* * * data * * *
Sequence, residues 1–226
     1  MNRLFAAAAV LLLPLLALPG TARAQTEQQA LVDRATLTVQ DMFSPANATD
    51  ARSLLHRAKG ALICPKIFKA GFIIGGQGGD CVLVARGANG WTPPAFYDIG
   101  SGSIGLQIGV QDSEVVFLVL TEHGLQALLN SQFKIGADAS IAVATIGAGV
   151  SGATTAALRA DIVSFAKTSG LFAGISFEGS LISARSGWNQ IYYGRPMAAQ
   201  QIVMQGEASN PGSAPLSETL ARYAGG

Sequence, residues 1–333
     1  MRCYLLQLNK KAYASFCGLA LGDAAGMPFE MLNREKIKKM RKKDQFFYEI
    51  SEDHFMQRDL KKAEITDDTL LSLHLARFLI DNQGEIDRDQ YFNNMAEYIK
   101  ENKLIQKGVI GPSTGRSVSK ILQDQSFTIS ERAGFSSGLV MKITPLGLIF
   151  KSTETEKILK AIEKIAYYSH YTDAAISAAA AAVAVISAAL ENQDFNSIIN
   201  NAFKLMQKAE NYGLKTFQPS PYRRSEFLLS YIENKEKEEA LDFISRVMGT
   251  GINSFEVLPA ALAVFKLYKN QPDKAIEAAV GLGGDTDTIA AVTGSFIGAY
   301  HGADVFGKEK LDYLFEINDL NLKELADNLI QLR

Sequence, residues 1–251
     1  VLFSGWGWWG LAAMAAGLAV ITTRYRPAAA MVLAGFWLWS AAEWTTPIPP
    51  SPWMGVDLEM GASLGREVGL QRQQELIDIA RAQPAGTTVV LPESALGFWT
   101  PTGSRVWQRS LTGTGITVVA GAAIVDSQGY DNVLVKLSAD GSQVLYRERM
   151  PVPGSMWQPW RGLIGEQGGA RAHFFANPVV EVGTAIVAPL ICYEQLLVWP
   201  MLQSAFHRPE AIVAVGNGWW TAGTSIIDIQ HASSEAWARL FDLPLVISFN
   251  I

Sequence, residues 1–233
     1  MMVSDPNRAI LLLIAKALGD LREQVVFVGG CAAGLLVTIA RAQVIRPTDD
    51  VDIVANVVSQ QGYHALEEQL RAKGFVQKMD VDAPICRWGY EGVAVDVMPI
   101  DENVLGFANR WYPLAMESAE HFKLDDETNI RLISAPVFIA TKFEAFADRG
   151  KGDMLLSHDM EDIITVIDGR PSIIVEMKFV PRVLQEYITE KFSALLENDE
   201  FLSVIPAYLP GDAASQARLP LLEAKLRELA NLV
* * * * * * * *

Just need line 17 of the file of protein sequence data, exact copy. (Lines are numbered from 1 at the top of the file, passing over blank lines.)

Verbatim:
    51  SPWMGVDLEM GASLGREVGL QRQQELIDIA RAQPAGTTVV LPESALGFWT